Data released by the Election Commission of India showed that 23 million 18-19 year-olds had been enrolled to vote, out of a total electorate of 815 million, in the 2014 Lok Sabha elections. Additionally, analysis of census data showed that there were 120 million people aged 15-18 at the time of the 2011 census, who were not eligible to vote in 2009 elections as they were too young, but became eligible to vote in 2014. These potential first-time voters formed 10 per cent of the population.This youth bulge might reflect the peak of India’s “demographic dividend”, as fertility declines and India’s population begins to age. For instance, in 2001 Indians aged 15-19 years were only 9.7 per cent of the population. The United Nations’ Department of Economic and Social Affairs’ latest World Population Prospects showed that India’s 15-19 years age cohort will peak in 2015 after which it will begin to decline as a proportion of the population. Before we look at the state-level data and analysis, it might be useful to recall the numbers for the whole country to convince the reader that first-time electors were a significant proportion of the electorate in 2014, and that they could have in fact made a difference. At the all-India level, our calculations from the 2011 Census show that there were about 120.53 million first-time electors in 2014. Since the electorate was about 833.06 million strong in 2014, first-time electors accounted for about 14.47 per cent of the same. To get a sense of these numbers, let us recall that 66.4 per cent of the electorate cast their ballots in 2014, of which BJP got 31 per cent and the INC 19.3 per cent. Hence, the difference in total votes polled by the BJP and INC was about 65 million, which is only about half the number of first-time electors who may have voted in 2014. Thus, any party which could tap into the group of first-time electors would certainly have gained in electoral terms. The key independent variable is the proportion of young voters, with the latter defined in increasingly exhaustive manner. Thus, the average proportion of first-time electors (age group 18-22 years in 2014) was 14.33 per cent, ranging from a minimum of 10.73 per cent (Kerala) to 17.23 per cent (Jammu & Kashmir). The average proportion of persons in age groups 18-23 years, 18-28 years, 18-38 years and so on, increases, as expected.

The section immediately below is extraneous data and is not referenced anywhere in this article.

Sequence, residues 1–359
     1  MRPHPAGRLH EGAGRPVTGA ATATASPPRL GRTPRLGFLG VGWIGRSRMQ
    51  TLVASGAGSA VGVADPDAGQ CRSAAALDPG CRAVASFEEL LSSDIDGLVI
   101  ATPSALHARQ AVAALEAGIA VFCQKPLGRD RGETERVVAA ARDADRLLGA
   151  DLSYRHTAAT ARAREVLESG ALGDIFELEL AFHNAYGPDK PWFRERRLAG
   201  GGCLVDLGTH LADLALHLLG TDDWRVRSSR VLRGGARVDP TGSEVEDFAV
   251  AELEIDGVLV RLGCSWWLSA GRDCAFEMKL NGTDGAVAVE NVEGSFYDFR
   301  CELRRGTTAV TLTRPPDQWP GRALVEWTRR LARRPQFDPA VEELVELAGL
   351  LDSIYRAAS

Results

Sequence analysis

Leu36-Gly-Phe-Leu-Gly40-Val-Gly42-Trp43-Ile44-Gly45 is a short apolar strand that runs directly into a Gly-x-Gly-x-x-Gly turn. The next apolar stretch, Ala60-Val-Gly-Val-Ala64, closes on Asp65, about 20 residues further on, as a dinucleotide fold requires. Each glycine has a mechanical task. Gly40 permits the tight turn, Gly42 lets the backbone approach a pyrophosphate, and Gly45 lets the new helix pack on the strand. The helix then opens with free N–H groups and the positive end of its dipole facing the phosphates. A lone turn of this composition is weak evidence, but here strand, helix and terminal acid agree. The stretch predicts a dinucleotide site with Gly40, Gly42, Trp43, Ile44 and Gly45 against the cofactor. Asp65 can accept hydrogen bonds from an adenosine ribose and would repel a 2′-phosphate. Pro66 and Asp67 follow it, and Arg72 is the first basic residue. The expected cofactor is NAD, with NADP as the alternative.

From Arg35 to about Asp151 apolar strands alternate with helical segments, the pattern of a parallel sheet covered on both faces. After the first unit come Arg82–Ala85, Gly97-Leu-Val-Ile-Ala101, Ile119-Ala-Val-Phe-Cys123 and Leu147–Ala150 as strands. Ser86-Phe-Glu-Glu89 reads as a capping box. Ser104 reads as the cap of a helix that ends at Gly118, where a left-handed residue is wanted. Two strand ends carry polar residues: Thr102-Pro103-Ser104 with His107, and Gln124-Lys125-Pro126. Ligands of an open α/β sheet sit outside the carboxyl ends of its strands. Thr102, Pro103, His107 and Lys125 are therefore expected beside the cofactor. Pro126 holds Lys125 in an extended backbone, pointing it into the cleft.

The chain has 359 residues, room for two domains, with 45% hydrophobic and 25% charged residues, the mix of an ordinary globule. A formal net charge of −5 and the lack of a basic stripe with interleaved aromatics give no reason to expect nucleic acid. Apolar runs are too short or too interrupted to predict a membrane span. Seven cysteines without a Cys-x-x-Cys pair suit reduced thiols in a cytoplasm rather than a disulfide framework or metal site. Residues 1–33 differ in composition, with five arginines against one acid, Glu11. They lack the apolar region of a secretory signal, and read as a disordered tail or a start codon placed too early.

One noticed that in 2014, in most Indian states the proportion of “young” persons, where “young” is defined as the age group 18-29 years, was more than a third. This youth rump is what the BJP managed to tap to seal its electoral victory. In conjunction with the rise of Hindu majoritarianism, the role of the youth propelled Modi and the BJP to power. While youth power has been documented, the rise of Hindu dominance in UP (twice) and Assam (twice) is not politically correct, so while this writer has constantly articulated its unabashed unleashing with the help of data prints, most observers are loath to talk and discuss it. Just as opinion and exit polls see a lot of lather being worked up, the results often belie these shallow conclusions. I have provided a wide variety of opinion and exit polls from the immediate past (see box) so that readers can judge for themselves whether genuine psephology actually delivers transparent results. News telly channels in their unquenchable thirst to be better than the clumsy horde they represent have constantly got it wrong. Political parties themselves have ignored strong underpinnings of change — classic cases being Atalji in 2004 along with Chandrababu Naidu and SM Krishna, two powerful regional satraps who read the tea leaves wrong. What all three ignored was one of the worst droughts in 2002 when the GDP fell off the cliff coming in at 3.8 per cent flying in the face of the Ra Ra theme projected by all three politicians. This was part of three successive years of poor monsoon which led to distress and devastation in rural India — 3.8 per cent in 2000, 4.8 per cent in 2001 and finally 3.8 per cent again in 2002.
The India Meteorological Department (IMD) acknowledged that 2002 was “the first-ever all-India drought year” since 1987, while noting that the behaviour of the 2002 monsoon was “intriguing”. In its end-of-the-season report, IMD noted that the aggregate rainfall received by the country as a whole during the year’s monsoon season from June 1 to September, at 735.9 mm, was 19.35 per cent below the historical long period average (LPA) of 912.5 mm for this period. Further, 29 per cent of the area in the country recorded drought conditions, with rainfall deficiency (relative to LPA) exceeding 25 per cent. According to IMD, the country is said to experience a drought year when the overall rainfall deficiency is more than 10 per cent of the LPA and more than 20 per cent of its area is affected by drought conditions.